Hinton, who was among 31 awardees who will each receive $200,000 for research focused on Stockton, Calif., home to one of the highest crime rates in the country, called the recognition “overwhelming.”
“Whenever you begin a new research project, you are unsure of exactly how it will be evaluated and if it’s interesting to anyone else. I’m incredibly passionate about this work, so to receive recognition in this way is a tremendous validation,” she said.
Said Dean of Social Science Claudine Gay: “Elizabeth is doing path-breaking work on the history of the carceral state. This award not only is a fitting tribute to what she has already accomplished in her career, but also speaks to the extraordinary promise of her future work on criminal justice.”
Hinton’s award-winning book, “From the War on Poverty to the War on Crime: The Making of Mass Incarceration in America,” studied racism and related law-enforcement policies on a large scale. This award, which will support her next, to-be-named book, zeroes in on Stockton as it works to turn around policies and programs that caused the spiral.
“Stockton provides a powerful lens to examine political and economic transformations in the late 20th century, as well as the dimensions of contemporary racism,” she wrote in her research prospectus.
During her 2016‒17 sabbatical year, Hinton assisted Stockton Police Chief Eric Jones in reforming the police force.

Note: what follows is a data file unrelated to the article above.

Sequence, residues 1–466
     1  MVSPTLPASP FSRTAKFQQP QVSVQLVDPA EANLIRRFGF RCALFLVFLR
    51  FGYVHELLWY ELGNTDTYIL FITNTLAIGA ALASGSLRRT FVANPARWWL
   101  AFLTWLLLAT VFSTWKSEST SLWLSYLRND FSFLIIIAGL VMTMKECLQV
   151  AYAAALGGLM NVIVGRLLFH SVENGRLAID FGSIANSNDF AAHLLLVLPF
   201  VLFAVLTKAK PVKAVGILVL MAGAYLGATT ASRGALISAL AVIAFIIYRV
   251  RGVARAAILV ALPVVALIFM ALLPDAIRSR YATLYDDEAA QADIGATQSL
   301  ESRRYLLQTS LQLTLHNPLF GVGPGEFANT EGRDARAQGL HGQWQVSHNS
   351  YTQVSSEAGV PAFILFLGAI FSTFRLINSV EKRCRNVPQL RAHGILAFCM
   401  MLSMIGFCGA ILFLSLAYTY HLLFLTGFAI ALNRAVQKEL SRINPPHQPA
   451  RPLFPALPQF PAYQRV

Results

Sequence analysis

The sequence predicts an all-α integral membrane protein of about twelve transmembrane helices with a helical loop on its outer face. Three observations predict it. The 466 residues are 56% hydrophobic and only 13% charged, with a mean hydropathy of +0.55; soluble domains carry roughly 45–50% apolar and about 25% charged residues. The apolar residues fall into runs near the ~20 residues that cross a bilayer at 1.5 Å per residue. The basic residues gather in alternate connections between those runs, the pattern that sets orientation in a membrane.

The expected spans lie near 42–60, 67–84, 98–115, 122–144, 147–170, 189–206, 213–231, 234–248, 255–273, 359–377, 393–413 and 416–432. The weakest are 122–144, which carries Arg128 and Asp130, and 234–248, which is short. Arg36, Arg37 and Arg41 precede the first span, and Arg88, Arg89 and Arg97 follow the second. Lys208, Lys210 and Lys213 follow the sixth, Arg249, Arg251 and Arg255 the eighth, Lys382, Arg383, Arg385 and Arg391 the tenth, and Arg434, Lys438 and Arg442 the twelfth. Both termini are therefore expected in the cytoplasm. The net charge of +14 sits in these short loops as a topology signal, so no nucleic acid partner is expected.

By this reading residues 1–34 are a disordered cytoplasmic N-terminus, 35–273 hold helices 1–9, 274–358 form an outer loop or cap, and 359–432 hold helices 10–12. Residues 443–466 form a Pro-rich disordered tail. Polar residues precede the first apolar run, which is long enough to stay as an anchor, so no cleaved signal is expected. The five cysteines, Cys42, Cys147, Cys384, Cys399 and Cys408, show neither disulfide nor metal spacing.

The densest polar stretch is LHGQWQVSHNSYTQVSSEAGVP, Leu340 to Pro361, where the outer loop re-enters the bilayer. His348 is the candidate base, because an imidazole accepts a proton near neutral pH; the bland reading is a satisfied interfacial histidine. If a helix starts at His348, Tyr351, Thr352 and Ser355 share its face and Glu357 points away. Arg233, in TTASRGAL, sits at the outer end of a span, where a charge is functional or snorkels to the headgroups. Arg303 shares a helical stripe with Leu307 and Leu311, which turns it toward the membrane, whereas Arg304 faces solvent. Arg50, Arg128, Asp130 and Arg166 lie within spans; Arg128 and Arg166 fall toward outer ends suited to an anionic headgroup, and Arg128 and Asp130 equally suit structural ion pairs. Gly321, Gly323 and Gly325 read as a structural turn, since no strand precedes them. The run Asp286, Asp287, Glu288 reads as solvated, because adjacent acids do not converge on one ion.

“Widely regarded in the law-enforcement community as one of the most progressive police chiefs in the country, Jones has taken important strides to improve policing and public safety in the city under the National Network’s guidance. He is the first police chief in the U.S. to begin a process of ‘racial reconciliation’ in his department, whereby officers hold listening sessions with black and Latino residents and take action on grievances,” she wrote.
Vartan Gregorian, president of Carnegie Corp. of New York, said in a statement about all of the winners, who were recognized for scholarship in the humanities and social sciences: “The response to the fellows program gives me great hope for the future of the study of the humanities and the social sciences as a way for this country to learn from the past, understand the present, and devise paths to progress and peace.”